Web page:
LOUIS: That's right. These are two Chicago politicians who are both competing for the hearts and minds, primarily of black America in some sense. At least that's the Jesse Jackson sort of frame of reference. Barack Obama has surpassed that. He is the offspring of the civil rights movement. He has transcended it to a great extent. He's going on to do something that no one has even tried, who had anything to do with the civil rights movement in a realistic way. So, he's in a different kind of a place. What I saw Jesse Jackson doing was sort of trying to defend his core turf which is black churched, black cultural issues, the kind of stuff that he made his name on after the assassination of Martin Luther King 40 years ago, and here's Barack Obama stepping into the pulpit talking in ways that Jesse Jackson found to be not to his liking.
DOBBS: by the way, how long Jesse Jackson as it turns out because now we're starting to see a number of columns pointing out that there's a lot of discomfort in the black community over some of the things that Obama has been saying, and that disturbance may have some traction. What's your reaction?
LOUIS: Yes, I mean, look, I don't think that anything Jesse - DOBBS: All right. When I read that I thought the traction might be that it would move to 92 percent of the black vote for Obama to maybe 89.5 percent.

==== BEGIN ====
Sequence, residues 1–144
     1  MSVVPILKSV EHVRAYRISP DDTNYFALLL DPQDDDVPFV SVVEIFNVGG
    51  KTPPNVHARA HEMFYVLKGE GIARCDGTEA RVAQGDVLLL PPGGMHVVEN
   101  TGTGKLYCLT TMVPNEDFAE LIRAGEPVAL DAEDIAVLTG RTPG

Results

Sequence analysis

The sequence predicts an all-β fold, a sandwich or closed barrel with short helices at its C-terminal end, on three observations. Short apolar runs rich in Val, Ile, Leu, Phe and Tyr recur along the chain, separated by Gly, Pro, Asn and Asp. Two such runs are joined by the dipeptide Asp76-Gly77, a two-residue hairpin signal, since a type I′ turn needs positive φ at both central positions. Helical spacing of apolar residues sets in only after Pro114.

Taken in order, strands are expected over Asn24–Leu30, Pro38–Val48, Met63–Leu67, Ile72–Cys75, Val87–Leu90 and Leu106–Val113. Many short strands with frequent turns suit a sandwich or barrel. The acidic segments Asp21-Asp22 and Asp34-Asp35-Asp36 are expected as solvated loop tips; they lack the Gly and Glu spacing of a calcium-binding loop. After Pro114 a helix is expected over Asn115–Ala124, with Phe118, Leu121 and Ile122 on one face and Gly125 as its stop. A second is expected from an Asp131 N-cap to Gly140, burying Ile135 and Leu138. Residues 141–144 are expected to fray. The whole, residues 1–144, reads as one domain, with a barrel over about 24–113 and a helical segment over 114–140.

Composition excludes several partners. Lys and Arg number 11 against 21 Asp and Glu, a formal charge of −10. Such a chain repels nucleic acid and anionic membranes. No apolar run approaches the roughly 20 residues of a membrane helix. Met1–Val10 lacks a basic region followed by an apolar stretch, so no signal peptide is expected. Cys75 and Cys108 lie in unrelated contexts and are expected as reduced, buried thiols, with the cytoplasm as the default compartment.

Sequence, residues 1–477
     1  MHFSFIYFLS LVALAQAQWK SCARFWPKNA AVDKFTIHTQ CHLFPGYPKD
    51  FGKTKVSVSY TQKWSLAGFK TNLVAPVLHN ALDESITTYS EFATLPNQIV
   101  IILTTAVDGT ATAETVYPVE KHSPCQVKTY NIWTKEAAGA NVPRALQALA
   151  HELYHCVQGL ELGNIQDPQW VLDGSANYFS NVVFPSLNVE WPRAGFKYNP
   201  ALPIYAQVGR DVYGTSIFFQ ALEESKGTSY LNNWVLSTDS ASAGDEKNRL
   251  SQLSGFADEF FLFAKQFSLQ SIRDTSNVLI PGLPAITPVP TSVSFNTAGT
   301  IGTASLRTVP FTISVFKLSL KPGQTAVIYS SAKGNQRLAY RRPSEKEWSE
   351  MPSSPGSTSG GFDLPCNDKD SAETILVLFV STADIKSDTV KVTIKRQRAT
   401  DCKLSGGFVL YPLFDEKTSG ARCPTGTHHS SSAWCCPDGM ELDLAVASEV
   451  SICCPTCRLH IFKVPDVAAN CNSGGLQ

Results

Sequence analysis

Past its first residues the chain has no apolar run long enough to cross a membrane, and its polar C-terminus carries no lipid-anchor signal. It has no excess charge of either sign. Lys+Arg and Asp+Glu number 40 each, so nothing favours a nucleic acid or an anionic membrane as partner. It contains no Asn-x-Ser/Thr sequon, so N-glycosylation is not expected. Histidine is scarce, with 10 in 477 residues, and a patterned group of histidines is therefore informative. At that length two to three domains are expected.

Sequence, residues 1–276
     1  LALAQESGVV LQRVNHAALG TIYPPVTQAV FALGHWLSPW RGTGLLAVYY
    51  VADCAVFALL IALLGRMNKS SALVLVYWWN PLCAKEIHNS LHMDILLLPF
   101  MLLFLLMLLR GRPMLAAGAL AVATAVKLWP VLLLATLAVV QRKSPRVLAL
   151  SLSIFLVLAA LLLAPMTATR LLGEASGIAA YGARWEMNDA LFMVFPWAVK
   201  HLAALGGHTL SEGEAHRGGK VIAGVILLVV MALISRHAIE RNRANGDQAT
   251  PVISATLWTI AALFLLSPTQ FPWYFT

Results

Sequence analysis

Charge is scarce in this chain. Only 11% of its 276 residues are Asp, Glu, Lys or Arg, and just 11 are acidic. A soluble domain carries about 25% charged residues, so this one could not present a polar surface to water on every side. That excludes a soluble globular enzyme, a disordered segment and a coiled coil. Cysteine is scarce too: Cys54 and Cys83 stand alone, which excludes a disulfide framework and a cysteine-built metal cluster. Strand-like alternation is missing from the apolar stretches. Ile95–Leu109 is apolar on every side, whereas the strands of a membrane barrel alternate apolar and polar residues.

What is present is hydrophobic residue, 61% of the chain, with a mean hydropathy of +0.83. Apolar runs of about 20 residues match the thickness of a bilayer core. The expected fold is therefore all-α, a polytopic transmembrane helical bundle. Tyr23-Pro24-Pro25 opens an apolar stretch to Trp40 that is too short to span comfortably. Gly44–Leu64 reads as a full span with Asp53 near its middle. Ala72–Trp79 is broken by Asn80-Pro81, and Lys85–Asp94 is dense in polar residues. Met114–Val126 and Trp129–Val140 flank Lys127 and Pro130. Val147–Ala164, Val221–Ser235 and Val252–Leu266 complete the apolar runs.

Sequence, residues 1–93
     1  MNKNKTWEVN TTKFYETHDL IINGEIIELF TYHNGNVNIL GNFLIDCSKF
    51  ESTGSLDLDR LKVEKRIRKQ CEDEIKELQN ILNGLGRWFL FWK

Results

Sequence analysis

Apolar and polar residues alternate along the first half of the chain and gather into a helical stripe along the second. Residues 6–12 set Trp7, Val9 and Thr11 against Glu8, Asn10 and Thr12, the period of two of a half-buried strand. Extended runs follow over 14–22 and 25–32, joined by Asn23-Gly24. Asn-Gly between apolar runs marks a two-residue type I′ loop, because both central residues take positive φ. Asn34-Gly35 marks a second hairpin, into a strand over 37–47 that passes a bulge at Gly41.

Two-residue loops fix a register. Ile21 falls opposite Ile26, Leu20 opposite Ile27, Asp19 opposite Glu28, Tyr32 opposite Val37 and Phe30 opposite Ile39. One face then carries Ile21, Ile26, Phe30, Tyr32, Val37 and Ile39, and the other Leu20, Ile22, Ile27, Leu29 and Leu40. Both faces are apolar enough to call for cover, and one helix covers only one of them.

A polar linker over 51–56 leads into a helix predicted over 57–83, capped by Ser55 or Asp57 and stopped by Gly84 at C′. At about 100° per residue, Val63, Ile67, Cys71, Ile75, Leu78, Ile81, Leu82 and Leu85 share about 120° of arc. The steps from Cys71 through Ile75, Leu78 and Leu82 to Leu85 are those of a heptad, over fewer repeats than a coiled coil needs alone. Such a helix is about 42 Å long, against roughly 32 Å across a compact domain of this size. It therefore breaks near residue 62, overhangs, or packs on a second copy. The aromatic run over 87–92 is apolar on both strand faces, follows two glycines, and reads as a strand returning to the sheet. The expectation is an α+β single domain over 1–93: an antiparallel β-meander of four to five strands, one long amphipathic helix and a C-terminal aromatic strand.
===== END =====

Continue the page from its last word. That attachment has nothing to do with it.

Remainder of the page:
LOUIS: That is what I was going to say. Is it's OK trying to get 97 percent of the black voters instead of 99 percent of the black vote. I mean, I don't even think it would effect turnout.
DOBBS: We're going to find out, Ed, at you think in just one moment. We're going to take a break, and what I really want to know what you think is about the idea that Senator Obama put forward that he's embarrassed by all of us ignorant Americans traveling abroad who don't speak native languages when we do and his recommendation that we all teach our children Spanish. We'll take that up next, we'll be right back with our round table. Stay with us.
DOBBS: We're back with Ed Rollins, Errol Louis, Hank Sheinkopf. Ed, we were just talking about Barack Obama's - well his lament that he's embarrassed by ignorant Americans traveling abroad, not speaking native languages when they're abroad and at the same time calling upon American children to learn Spanish. How dumb does it get?